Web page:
Thu 25 Jan 2018: 10.00am [Phd Defense] – Seshadri Kadaba Shamanna on “Discovery, parental care and conservation of frogs in the Western Ghats of India”

PhD Defense Seminar cum Oral Examination
Department of Biological Sciences, NUS

“Discovery, parental care and conservation of frogs in the Western Ghats of India”

Speaker:            Seshadri Kadaba Shamanna  (Graduate Student, Dept. of Biological Sciences, NUS)
Date:                  25 Jan 2018, Thursday
Time:                  10am
Venue:               DBS Conference room  (S3 Level 5, #05-02)
Supervisor:        Asst. Prof. Frank E. Rheindt

Abstract –  Amphibians are a diverse group of vertebrates that are relatively understudied with nearly 30% of them being discovered only in the last decade. Globally, a third of all amphibians are already threatened with extinction and the need to rigorously document their natural history and ecology is imperative. Thus, my thesis is focused on bridging our knowledge gaps about frogs. It was undertaken in the Western Ghats of India, a renowned biodiversity hotspot where amphibians are underrepresented in research.

Specifically, I report the discovery of two hitherto undescribed species belonging to two families and reappraise the descriptions of three other extant frogs. I then document a novel behaviour in two species wherein the adult frogs of Raorchestes ochlandrae and Raorchestes aff. chalazodes (Rhachophoridae) enter bamboo stalks via narrow openings and lay direct developing eggs and provide parental care to developing embryos inside the bamboo internodes. This behaviour is unique among all extant anurans and is described as a novel reproductive mode.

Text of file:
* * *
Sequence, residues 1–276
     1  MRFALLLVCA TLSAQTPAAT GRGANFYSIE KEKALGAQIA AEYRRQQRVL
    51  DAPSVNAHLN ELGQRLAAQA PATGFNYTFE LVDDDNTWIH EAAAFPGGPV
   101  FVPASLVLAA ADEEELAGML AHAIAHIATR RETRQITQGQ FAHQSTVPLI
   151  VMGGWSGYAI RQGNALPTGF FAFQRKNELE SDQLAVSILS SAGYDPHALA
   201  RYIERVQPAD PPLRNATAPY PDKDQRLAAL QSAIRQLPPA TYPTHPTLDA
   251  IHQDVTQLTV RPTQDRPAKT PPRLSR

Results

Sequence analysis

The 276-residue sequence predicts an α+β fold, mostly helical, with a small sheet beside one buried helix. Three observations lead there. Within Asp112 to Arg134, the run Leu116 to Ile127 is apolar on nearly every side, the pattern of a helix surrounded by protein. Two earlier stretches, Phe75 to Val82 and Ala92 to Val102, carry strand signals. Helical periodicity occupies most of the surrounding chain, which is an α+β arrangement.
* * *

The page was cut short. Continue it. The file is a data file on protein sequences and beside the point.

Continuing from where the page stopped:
Subsequently, I focused on the behaviour of R. aff. chalazodes and to do so, required an effective tool for which, I undertook a mini-review of methods used to study animals dwelling in cavities. This enabled me to choose endoscopes to study the behaviour of R. aff chalazodes.

I then established the evolutionary significance of parental care behaviour in R. aff chalazodes using insitu adult removal experiments and found that conspecific males cannibalized unattended eggs. Unattended eggs were also eaten by ants, parasitized by flies, and died from fungal infections or drowned. Thus, male parental care behaviour in form of egg attendance, egg guarding and, oviposition site defence increases offspring survivorship.

With an ultimate goal of conserving R. aff chalazodes, I predicted the potential geographic distribution using species distribution modelling. Finally, my contributions are summarized in the context of existing knowledge about diversity and reproductive ecology of amphibians to identify avenues for further research.

All are welcome